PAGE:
Your family and friends don’t mean to rain on your parade. In most cases, they’re trying to protect you from what they perceive as a risky or even crazy endeavor. Or, they’re trying to protect themselves from being apart from you.
Living in an RV full-time (or even part-time) is a drastic lifestyle change. And as we all know, change can be scary. If not for us, for those around us.
So, while you may be super excited to share the news of your new adventure, be prepared for a not-so-excited response. Here are some helpful tips on how to tell family and friends you’re becoming a full-time RVer.
5 Tips on How to Break the News
Yep, I said, “break the news,” not “share the incredibly exciting news!” Because as exciting as it is for you, your family and friends are likely going to need some explanation and patience to see it your way.
The following tips should help your friends and family to come around more quickly.
1. Set Some Time Aside
For your closest friends and family, set some time aside to have a whole conversation about becoming full-time RVers. Invite them over for dinner or meet them for coffee.
In the best-case scenario, they’ll respond with an “Oh my goodness, we’re so excited for you! Tell us all about your plans!”
But in many cases, it’ll be more like a blank stare or fake smile and “What do you mean you’re becoming full-time RVers?”
Either way, you’re going to need some time to explain your plans.
2. Be Ready for LOTS of Questions
Whether you get a positive or negative response, you’re going to get a whole lot of follow-up questions.
A lot of times, the questions may seem insulting, as if you haven’t put a lot of thought into this, even though you have. Questions like, “But what about your house? What about an income? What are you going to do if…?!”
Instead of feeling attacked, remind yourself that you had all of these same questions yourself. So, it’s natural for them to worry about these things, too.
After “breaking the news,” I suggest you address that they’re going to be concerned right away. Something like, “I know you’re going to have a lot of questions and concerns– all of which I’ve had myself. So, I’m ready to answer any questions you might have.”
This usually calms this down a bit. Instead of launching a barrage of questions at you, they’ll likely take a breath and start a conversation with you.
3. Reassure Them of Your Love
When becoming full-time RVers, many are surprised that some of their family and friends feel betrayed by the decision. They feel like they’re being left behind.
Again, this is coming from a place of love because they don’t want to be apart from you. So, they’re going to need some loving reassurance that even though you’re leaving, you’re still going to be there for them.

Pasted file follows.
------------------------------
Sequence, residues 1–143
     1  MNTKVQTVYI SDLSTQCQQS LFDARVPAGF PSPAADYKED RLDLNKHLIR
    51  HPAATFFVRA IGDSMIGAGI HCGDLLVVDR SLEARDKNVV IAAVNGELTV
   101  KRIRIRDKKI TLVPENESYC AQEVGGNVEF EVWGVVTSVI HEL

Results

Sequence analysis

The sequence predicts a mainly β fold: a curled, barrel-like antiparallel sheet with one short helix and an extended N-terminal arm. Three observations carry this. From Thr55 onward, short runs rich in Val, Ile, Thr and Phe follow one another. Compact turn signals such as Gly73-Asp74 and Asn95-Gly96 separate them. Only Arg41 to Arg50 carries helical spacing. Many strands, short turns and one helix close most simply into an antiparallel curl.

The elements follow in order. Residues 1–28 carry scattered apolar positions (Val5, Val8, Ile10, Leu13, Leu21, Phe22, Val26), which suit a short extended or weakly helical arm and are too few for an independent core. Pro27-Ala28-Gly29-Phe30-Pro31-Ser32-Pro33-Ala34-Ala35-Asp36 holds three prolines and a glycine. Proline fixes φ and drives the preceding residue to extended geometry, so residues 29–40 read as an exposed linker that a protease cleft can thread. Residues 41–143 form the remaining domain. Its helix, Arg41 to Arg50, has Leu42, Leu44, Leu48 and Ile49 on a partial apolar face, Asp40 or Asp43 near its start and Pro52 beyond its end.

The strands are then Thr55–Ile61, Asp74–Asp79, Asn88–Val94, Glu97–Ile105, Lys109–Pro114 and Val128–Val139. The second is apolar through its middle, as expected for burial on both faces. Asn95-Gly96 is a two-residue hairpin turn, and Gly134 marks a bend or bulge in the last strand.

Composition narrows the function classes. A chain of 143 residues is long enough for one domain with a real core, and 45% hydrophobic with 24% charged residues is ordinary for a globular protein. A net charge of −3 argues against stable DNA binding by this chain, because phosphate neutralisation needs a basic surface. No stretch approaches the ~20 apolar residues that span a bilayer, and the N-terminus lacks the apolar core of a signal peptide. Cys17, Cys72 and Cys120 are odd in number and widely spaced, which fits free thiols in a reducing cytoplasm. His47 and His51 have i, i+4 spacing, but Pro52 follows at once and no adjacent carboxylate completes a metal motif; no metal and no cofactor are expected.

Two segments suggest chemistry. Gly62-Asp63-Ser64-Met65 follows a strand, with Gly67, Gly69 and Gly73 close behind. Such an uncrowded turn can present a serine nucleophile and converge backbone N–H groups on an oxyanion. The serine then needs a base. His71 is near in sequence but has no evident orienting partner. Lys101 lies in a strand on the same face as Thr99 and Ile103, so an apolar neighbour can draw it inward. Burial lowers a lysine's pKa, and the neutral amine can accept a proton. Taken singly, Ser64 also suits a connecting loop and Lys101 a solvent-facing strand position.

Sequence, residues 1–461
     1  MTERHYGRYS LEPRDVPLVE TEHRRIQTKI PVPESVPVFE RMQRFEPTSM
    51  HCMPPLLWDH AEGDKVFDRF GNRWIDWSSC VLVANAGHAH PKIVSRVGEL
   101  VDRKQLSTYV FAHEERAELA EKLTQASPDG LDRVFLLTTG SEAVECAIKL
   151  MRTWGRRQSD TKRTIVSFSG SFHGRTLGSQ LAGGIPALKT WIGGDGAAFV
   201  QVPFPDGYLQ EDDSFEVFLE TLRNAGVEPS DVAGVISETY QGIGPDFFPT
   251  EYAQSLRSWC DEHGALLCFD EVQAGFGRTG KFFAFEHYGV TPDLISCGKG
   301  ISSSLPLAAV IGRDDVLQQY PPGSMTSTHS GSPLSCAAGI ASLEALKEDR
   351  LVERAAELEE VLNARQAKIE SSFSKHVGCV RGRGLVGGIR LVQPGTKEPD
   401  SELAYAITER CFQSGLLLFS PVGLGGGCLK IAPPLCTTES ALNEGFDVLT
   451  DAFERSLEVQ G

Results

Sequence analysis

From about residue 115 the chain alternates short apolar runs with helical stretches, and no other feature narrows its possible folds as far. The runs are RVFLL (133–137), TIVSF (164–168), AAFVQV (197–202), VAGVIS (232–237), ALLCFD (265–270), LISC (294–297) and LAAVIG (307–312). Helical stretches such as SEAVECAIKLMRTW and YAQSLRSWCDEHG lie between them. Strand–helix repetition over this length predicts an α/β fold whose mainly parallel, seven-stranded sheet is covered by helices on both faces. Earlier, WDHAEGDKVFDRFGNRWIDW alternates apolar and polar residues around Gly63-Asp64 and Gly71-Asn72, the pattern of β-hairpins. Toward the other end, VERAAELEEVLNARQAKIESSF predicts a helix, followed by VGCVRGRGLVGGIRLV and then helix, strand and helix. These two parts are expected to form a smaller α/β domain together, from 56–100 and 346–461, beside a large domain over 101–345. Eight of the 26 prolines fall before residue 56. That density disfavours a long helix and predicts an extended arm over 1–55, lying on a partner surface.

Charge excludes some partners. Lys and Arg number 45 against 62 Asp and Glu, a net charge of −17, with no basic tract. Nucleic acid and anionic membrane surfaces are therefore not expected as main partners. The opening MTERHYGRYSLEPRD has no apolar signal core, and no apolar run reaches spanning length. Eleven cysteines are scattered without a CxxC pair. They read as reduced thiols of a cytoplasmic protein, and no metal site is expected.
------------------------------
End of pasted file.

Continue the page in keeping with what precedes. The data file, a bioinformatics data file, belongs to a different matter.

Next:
Be prepared to explain that you’re going to video call, text, and email often. And let them know that you’ve already figured out how to get mail while on the road.
You may also want to discuss how you’ll likely have more quality time, even if you don’t see each other as frequently. After all, being nearby doesn’t usually mean you see each other all the time or for extended periods of time.
But when you come to visit, you’ll be spending great quality time with them. Or, they can meet you at one of your destinations and have that kind of quality time together, too.
Many RVers who’ve gone full-time actually enjoy more quality time with their family and friends than before.
4. You’re Telling, Not Asking
At some point in the conversation, your family and friends may try to talk you out of your decision. You’ll need to politely tell them that you’re telling them about your plans, not asking them for permission.
Something like, “I know you may not want me to go, but I’ve put a lot of thought into this and it is something that I want to do. It’s something that I am going to do.”
If they insist, you can nicely just say it directly, too: “I hear you, but I’m not asking for your permission.”
5. You Can Always Quit
What?! Quit?! But I thought we’re trying to convince them it’s a good idea!
Well, we are, but usually, the scariest thing about a big decision is the sense of permanency. As in, you’ve decided to go full-time RVing, the decision is made, and you’ll never return.
But most decisions aren’t permanent.
Your friends and family may think this is a big mistake, but even if it is, it’s not unchangeable. It’s not like you’re starting a life sentence on the road.
Sometimes the final reassurance your loved ones need is, “Look, I’m excited to try this and I think I’m going to love it. But, if I don’t, then I’ll stop. It’s better for me to try it and see for myself than to not try at all.”
Besides, most full-time RVers expect to settle down into a house again sometime. It’s a natural cycle that usually occurs at the 3, 5, or 10-year mark.
Understanding that it’s not forever, can help soothe your family and friends’ nerves.
Let me end by saying, however, that you shouldn’t let other people’s fears and negativity keep you from doing what you’ve been dreaming of. Some people will never support or understand your desire to live and travel in an RV.
Sometimes you just have to drive away and prove to them that you (and they) will be okay.
Your Advice on Becoming Full-Time RVers
Have you dealt with a negative response to becoming full-time RVers? How did you and your loved ones overcome it? Do you have any other advice for those about to join the RV lifestyle? Please share in the comments below or join the conversation about this topic in our RV Lifestyle Facebook Group.
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